Sugar gum

Eucalyptus cladocalyx
Sugar gum: Eucalyptus cladocalyx Sugar gum: Eucalyptus cladocalyx

Common name:

Sugar gum

Scientific name:

Eucalyptus cladocalyx (Myrtaceae)

Alternative common names:

Suikerbloekom (Afrikaans)

A tall slender, evergreen tree growing 15-40m high with smooth, flaky, tan-coloured bark. The dark green leaves are glossy above and pale below and the foliage is concentrated at the end of the branches. Cream flowers appear from October to February and the tree produces brown fruit capsules. The leaves are poisonous producing prussic acid. This tree invades fynbos, forest clearings, plantations, water courses and roadsides.

Additional Info

  • Where does this species come from?

    South Australia.

    What is its invasive status in South Africa?

    CARA 2002 – Category 2 NEMBA - a. Category 1b within- (i) riparian areas; (ii) a Protected Area declared in terms of the Protected Areas act; or, (iii) within a Listed Ecosystem or an ecosystem identified for conservation in terms of a Bioregional Plan or Biodiversity Management Plans published under the Act. b. Not listed within Nama-Karoo, Succulent Karoo and Desert biomes, excluding within any area mentioned in (a) above. c. Category 1b in Fynbos, Grassland, Savanna, Albany Thicket, Forest and Indian Ocean Coastal Belt biomes, but- (i) Category 2 for plantations, woodlots, bee-forage areas, wind-rows and the lining of avenues. (ii) Not listed within cultivated land that is at least 50 metres away from untransformed land, but excluding within in any area in (a) above. (iii) Not listed within 50 metres of the main house on a farm, but excluding in (a) above. (iv) Not listed in urban areas for trees within a diameter of more than 400 mm at 1000 mm height at the time of publishing of this Notice, but excluding in (a) above.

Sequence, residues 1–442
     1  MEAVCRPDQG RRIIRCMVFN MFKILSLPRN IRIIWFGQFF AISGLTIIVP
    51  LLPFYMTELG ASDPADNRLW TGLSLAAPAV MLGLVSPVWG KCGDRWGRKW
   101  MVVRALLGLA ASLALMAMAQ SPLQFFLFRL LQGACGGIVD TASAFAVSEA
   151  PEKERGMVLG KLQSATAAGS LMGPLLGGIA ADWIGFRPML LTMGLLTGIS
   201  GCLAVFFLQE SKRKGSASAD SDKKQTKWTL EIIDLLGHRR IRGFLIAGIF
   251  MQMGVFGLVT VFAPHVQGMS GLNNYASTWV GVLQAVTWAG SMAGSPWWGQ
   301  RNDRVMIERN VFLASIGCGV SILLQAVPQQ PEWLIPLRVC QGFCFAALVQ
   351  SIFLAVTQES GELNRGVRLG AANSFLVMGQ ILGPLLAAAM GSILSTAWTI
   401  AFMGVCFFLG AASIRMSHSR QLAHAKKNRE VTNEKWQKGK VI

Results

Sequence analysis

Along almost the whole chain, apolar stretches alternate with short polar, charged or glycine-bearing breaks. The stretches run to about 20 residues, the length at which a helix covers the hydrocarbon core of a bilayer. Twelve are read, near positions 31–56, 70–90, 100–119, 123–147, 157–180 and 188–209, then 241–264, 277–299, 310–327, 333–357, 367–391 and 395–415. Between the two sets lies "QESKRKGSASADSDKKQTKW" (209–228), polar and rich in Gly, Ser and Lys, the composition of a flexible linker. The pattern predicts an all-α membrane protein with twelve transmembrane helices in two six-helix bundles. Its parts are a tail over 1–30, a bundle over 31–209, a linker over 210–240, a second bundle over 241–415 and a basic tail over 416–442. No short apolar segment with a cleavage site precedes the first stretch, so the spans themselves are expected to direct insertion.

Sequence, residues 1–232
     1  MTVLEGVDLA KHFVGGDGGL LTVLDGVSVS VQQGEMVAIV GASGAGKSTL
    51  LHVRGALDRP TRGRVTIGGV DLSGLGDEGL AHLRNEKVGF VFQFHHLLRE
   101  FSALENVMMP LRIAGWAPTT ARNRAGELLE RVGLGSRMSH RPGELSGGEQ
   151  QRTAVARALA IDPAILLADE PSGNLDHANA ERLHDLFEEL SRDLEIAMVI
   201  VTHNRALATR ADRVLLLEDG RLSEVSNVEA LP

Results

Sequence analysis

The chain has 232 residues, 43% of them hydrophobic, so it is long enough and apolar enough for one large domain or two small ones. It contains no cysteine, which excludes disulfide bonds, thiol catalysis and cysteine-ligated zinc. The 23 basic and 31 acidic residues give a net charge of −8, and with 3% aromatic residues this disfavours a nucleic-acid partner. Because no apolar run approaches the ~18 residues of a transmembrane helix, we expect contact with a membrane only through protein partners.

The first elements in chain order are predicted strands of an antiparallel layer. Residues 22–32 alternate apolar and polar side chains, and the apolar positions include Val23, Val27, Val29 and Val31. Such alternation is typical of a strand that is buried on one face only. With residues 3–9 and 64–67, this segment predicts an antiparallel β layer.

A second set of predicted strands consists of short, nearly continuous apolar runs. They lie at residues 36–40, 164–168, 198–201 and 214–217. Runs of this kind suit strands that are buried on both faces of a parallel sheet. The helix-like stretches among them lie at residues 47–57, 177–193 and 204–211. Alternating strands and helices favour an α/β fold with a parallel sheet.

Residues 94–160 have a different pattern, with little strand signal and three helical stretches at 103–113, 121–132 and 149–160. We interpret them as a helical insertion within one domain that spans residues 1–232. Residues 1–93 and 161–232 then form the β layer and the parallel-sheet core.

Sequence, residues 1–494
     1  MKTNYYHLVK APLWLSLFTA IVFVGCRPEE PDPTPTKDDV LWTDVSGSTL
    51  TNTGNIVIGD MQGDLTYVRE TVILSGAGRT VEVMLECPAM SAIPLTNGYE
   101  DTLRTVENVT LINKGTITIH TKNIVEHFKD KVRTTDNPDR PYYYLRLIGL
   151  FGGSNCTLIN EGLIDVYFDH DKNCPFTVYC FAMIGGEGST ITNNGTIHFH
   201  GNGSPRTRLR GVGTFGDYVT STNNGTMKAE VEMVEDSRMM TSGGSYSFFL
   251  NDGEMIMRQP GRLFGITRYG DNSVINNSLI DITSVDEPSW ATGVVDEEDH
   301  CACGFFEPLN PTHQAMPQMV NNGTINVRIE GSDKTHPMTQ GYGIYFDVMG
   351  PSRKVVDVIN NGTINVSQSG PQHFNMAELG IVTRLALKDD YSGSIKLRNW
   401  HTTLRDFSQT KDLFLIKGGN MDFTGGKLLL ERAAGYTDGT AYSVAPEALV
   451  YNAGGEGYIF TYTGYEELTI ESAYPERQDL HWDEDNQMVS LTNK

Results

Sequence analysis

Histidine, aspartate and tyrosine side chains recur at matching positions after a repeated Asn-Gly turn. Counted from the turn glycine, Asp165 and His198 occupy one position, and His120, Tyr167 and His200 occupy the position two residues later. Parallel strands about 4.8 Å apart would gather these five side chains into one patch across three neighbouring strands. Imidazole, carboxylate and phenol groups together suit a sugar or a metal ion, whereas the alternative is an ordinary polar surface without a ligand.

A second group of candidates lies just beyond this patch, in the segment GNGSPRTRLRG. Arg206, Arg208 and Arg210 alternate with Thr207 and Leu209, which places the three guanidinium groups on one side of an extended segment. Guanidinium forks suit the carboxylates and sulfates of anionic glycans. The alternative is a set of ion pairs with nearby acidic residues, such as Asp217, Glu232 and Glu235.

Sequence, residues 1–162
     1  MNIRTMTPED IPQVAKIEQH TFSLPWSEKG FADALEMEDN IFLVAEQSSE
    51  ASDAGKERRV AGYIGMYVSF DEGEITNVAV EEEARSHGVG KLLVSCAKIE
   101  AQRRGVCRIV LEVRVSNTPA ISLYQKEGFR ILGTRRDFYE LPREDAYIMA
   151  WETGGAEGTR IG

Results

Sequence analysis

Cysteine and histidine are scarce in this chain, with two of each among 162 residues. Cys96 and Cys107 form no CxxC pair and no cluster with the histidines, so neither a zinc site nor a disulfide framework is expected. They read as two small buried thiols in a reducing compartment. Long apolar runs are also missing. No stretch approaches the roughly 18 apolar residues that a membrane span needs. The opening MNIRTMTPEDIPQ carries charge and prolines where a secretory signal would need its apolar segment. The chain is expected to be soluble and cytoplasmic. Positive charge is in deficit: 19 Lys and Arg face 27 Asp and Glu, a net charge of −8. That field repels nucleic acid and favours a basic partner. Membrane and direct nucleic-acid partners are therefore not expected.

Where in South Africa is it a problem?

    Mostly confined to the Western Cape.

    How does it spread?

    Spreads by seed dispersal.

    Why is it a problem?

    It competes with and replaces indigenous species. Trees along watercourses are likely to reduce stream flow.

    What does it look like?

    General description: Slender, evergreen tree 15-40 m high with smooth, flaky, tan-coloured bark; foliage concentrated at the ends of branches. Leaves: Dark green and glossy above, pale below; adult leaves pendulous, 80-140mm long, sweet-tasting; juvenile leaves elliptic or circular with reddish stalks. Flowers: Cream with long-exerted stamens, buds ribbed with rounded caps. Flowers appear in October-May. Fruit/Seeds: Brown capsules, ovoid, ribbed, valves deeply enclosed.

    Does the plant have any uses?

    Used for shelter, shade, timber, firewood and as a honey source and a valuable tree to the bee-keeping industry.